Cuban Cooking Inspired by Next Year in Havana

This was my first foray into Cuban cooking, and I believe into Cuban history or politics.  Next Year in Havana, by Chanel Cleeton, was an eyeopener, for me anyway.  I love reading about periods in history and about places I'm unfamiliar with, learning new things, especially when enfolded into an enjoyable, engrossing story.  Like this one.  Cleeton's novel is told from two perspectives, of those escaping the revolution and of the granddaughter, visiting Cuba for the first time, to scatter her grandmother's ashes.

From the Publisher:
"After the death of her beloved grandmother, a Cuban-American woman travels to Havana, where she discovers the roots of her identity--and unearths a family secret hidden since the revolution...

Havana, 1958. The daughter of a sugar baron, nineteen-year-old Elisa Perez is part of Cuba's high society, where she is largely sheltered from the country's growing political unrest--until she embarks on a clandestine affair with a passionate revolutionary...

Miami, 2017. Freelance writer Marisol Ferrera grew up hearing romantic stories of Cuba from her late grandmother Elisa, who was forced to flee with her family during the revolution. Elisa's last wish was for Marisol to scatter her ashes in the country of her birth.

Arriving in Havana, Marisol comes face-to-face with the contrast of Cuba's tropical, timeless beauty and its perilous political climate. When more family history comes to light and Marisol finds herself attracted to a man with secrets of his own, she'll need the lessons of her grandmother's past to help her understand the true meaning of courage."

Reading this book inspired me to whip up something Cuban.  There were various foods mentioned, it's not all beans, rice, roast pork and rum. Though a Cuba Libre would go nicely with the book and before dinner!  Though I didn't use her slow cooker recipe, I found this Cuban National dish online, at Marta's blog, My Big Fat Cuban Family, and she includes some background on the dish:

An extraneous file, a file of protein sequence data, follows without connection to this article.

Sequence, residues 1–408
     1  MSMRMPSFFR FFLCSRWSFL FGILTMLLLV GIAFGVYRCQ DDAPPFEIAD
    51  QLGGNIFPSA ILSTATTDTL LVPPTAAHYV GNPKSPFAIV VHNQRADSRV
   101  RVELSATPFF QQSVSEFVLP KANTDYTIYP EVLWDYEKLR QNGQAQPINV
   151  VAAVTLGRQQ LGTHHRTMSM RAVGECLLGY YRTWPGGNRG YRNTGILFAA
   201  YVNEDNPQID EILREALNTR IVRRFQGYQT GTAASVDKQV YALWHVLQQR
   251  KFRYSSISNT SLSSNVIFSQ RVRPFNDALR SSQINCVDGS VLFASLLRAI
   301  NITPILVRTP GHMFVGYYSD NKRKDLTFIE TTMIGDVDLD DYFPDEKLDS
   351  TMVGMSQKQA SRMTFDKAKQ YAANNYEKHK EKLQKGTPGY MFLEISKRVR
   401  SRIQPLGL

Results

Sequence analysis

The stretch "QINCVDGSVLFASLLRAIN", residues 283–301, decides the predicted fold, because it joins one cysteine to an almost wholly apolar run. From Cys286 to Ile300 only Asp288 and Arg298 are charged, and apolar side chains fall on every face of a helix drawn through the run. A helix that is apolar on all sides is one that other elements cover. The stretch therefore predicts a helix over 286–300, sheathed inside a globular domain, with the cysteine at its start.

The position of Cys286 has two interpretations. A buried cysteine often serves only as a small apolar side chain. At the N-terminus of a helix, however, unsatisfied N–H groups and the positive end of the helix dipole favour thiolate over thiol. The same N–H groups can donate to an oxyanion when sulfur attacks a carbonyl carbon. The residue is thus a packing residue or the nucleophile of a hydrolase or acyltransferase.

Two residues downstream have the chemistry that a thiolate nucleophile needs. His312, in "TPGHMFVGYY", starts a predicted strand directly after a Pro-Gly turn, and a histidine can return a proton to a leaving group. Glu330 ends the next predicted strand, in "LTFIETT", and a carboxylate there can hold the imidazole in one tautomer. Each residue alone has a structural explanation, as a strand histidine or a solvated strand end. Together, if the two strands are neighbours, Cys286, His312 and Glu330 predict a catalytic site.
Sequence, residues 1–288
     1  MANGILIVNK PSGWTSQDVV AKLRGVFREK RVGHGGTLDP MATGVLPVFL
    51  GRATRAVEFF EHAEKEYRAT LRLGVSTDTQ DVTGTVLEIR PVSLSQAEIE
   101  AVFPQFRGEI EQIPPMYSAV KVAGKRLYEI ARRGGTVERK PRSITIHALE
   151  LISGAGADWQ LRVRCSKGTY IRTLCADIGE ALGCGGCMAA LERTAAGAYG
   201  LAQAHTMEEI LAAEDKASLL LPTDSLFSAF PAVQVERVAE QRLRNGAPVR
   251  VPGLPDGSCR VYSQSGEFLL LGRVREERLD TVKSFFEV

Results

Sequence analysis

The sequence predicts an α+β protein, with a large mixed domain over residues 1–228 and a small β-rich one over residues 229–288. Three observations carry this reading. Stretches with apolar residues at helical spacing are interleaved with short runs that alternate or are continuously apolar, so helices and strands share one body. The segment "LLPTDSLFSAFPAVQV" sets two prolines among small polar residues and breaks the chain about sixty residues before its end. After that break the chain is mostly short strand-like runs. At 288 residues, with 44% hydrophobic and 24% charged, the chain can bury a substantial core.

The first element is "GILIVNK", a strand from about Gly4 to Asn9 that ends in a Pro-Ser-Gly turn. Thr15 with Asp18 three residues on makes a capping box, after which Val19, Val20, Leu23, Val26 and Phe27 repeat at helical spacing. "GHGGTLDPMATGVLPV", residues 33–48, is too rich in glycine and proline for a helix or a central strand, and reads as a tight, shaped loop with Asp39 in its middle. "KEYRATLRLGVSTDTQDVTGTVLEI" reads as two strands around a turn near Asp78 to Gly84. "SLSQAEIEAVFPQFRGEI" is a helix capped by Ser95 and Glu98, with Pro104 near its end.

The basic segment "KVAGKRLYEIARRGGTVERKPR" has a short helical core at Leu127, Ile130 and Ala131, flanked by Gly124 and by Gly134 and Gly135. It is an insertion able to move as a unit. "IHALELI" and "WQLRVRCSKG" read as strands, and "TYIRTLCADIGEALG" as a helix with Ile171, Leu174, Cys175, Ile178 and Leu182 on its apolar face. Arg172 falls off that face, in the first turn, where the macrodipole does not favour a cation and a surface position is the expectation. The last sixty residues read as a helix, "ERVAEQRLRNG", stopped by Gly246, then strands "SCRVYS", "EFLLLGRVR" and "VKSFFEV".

"In the 1930’s, Cuban President Gerardo Machado made a proclamation that once a week everyone on the island would eat an “ajiaco” – a type of country stew made mostly with root vegetables and flavored with meat. According to my mom (a 93-year-old guajira) every restaurant, fonda, and home followed the “weekly ajiaco” rule. It was a way to use all the different root vegetables indigenous to Cuba, taking advantage of what was available in each province.

The classic ajiaco includes tasajo (salt-dried beef), which I don’t use at all. Some have chicken pieces. I favor the combination of flank steak, chicken broth and pork loin.  In other words, there are as many ways to make this tasty stew as there are Cubans in exile."

I did my own version, with homemade stock, some sausage and what was available in the market and in my garden.  For extra protein, since I eliminated most of the suggested meat items, and there were gandule beans (pigeon peas) to be harvested, about a cup of those were added too. And I made it in my cassoulet pot.  This is a basic recipe, which you can vary, as most do.

 Ajiaco Cubano
Courtesy of Cuban Recipes

¼ kg of jerked beef (salted meat)
   Note: I used a Kielbasa sausage, cut in pieces and     *chicken stock, instead of the jerk beef, chicken, pork     and bacon.